Lee and I are serious berry pickers.
We don’t talk much to each other during our time in the field. Instead, we focus on finding only the best, ripest berries and filling our buckets.
But apparently, for a lot of folks, picking berries is the preferred way to socialize with family and friends.
Since we’re not talking, we easily hear the conversations of those in close proximity.
Being the observer of people I am, I can’t help but notice the differences in the types of exchanges that take place, especially between adults and the children with them.
And I once again marvel at the opportunities adults have for positive influencing (or not) the young people in their charge.
Here are some exchanges that stood out for me…and why. (Note: Ages cited for children are best guesses, not verified).
Most ENDEARING (Mother and 5-year old Daughter)
Daughter: Mommy, here are some berries I picked. You can put them in your bucket.
Mother: Why thank you, honey. That’s very kind of you to share with me.
Daughter: Of course! You’re my mommy, and I love you.
My take: Children don’t naturally become sensitive to the needs of others. It takes effort on the part of their parents to help them become less self-centered. This brief exchange, along with other comments they shared, illustrated that this mother has invested time teaching her daughter to be thoughtful and considerate.
Most ANNOYING (Grandmother with 8 year-old Girl and 10-year old Boy)
Boy: It’s getting too hot out here, Grandma. (actual temperature: low 80s)
Girl: Yeah, I’m starting to get all sweaty.
Grandmother: It’s not fun when you got hot and sweaty. Would you like to quit now?
My take: I wanted to jump through the bushes and shake this woman when I heard her reply to these two whiners. It was a beautiful, sunny day – perfect for being outdoors. Instead of encouraging the kids to enjoy their time outside or assuring them that sweat is the body’s natural response or any other comment that would have communicated they had no basis for complaining, she sympathized with them. Her response did nothing to help these children develop mental and physical toughness.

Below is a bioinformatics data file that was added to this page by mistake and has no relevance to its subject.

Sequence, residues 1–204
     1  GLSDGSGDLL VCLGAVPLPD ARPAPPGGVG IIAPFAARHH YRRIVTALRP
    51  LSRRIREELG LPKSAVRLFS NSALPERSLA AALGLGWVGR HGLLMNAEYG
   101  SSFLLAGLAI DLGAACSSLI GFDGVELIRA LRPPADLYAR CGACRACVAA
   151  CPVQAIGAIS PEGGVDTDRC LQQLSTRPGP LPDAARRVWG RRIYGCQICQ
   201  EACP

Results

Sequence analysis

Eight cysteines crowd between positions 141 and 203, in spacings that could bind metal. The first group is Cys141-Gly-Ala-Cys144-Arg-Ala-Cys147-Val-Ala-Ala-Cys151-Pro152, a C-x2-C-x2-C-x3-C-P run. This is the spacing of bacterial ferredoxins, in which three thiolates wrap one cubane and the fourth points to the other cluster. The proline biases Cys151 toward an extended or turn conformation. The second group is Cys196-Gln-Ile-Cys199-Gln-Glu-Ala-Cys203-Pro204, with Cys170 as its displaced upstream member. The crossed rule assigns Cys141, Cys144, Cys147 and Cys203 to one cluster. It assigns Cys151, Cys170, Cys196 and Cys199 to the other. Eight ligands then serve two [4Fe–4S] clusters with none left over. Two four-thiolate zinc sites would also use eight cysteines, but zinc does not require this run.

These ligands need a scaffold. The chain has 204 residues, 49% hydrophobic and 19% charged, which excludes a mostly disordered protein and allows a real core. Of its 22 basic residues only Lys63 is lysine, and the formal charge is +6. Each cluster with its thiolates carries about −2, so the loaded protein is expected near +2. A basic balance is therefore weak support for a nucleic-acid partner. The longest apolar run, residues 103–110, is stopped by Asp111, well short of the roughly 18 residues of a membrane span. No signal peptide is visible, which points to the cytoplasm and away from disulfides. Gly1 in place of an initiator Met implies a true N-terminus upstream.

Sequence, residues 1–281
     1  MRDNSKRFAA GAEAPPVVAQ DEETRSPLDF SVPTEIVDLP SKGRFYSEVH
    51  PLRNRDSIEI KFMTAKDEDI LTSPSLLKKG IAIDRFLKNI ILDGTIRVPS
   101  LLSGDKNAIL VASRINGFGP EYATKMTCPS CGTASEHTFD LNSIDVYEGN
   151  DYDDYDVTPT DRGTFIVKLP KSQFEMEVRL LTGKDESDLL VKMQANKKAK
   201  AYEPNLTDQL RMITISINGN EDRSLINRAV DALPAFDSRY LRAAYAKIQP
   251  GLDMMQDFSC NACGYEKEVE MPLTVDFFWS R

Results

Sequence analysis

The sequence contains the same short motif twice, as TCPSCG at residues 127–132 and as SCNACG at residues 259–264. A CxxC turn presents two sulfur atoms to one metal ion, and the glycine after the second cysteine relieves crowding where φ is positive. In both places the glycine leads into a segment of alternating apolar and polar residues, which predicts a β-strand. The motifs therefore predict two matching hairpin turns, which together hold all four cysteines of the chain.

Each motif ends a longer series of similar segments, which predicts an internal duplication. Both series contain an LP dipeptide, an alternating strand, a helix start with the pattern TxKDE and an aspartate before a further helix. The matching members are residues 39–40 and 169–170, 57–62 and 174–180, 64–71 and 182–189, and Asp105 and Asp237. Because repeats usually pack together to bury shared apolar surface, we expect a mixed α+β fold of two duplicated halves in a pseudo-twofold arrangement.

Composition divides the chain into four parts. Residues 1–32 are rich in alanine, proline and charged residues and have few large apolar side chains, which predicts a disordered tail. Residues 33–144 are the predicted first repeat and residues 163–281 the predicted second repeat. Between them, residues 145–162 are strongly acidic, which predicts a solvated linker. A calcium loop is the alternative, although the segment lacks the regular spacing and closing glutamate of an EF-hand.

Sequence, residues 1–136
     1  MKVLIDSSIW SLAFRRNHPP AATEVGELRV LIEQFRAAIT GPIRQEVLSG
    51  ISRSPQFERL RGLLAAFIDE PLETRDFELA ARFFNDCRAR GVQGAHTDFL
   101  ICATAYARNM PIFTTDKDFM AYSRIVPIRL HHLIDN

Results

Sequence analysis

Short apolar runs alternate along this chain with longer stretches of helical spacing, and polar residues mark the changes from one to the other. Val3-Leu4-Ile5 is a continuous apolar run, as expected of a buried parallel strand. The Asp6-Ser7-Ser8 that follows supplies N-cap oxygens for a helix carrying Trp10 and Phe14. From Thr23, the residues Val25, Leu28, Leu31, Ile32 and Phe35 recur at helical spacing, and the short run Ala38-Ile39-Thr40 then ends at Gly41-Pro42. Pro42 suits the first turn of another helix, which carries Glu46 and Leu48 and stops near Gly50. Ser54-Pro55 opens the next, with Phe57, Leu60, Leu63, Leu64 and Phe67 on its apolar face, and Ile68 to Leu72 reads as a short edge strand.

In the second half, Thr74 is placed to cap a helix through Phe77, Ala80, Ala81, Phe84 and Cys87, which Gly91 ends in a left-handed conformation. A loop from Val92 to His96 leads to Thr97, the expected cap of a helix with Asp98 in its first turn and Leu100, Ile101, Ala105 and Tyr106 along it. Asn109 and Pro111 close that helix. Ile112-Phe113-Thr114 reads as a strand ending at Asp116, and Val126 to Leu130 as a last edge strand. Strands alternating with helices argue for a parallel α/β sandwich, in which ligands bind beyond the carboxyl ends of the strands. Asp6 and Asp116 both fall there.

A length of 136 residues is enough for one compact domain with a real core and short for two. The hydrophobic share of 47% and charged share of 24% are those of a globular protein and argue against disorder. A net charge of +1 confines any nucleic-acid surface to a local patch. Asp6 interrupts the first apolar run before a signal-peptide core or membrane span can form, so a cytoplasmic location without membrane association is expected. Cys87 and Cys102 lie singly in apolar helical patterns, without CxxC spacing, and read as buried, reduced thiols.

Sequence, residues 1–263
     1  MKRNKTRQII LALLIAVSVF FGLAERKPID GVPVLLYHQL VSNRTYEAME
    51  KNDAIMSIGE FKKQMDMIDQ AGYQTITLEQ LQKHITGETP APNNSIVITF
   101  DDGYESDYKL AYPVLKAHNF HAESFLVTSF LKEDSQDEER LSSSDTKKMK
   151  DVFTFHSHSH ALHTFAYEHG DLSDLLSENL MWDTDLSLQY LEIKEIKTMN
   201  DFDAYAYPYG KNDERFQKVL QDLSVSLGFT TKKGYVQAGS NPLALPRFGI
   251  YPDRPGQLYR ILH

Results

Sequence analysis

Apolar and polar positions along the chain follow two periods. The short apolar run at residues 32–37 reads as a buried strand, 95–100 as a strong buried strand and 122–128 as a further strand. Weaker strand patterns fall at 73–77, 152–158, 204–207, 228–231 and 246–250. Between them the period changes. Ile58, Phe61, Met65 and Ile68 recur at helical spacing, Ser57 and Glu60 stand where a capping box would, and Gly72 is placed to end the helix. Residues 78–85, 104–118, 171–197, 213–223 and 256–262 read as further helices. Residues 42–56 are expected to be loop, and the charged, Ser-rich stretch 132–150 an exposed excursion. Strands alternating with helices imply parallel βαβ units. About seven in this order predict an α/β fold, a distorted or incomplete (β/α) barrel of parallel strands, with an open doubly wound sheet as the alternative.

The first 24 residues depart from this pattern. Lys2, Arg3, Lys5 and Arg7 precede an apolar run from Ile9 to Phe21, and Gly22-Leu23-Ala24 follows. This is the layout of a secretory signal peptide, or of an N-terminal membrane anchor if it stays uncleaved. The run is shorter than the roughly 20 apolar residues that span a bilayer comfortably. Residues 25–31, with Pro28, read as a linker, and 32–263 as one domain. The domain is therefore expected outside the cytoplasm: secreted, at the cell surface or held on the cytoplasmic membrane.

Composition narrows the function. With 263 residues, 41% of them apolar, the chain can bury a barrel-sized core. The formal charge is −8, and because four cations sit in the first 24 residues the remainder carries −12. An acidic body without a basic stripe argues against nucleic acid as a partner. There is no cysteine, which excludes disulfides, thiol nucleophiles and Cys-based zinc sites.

Most HUMOROUS (Man at edge of field and Grandfather in middle of field)
Man: Is there a Grandpa King out there somewhere?
Grandfather: Yes, here I am!
Man: Great, I’ve got your grandson with me. He couldn’t find you.
Grandfather: Good luck to you! (everyone in the entire field laughs in unison)
My take: Later at the barn when we were paying for our berries, we saw the grandfather with his wife and grandson. Their interactions showed that he had probably only been half-joking with his earlier response. He didn’t seem to be enjoying his time with the boy. No matter what the grandson said or did, the man had a critical comeback. While I know children can try your patience, you can always find something to praise and affirm if you’re paying attention.
As adults, we’ve established closely-held beliefs about who we are and what we’re capable of. What we heard about ourselves as children from those whose approval means most to us – such as parents and grandparents – goes a long way to shaping the way we see ourselves.
No matter what role you have in the lives of the young people you interact with, you have the power with your words to enrich or diminish their self-image and the way they view the world.
And come to think of it, you also wield that same influence with everyone you interact with, no matter what their age.
“Treat a child as though he already is the person he’s capable of becoming.”
- Haim Ginott, child psychologist, 1922-1973)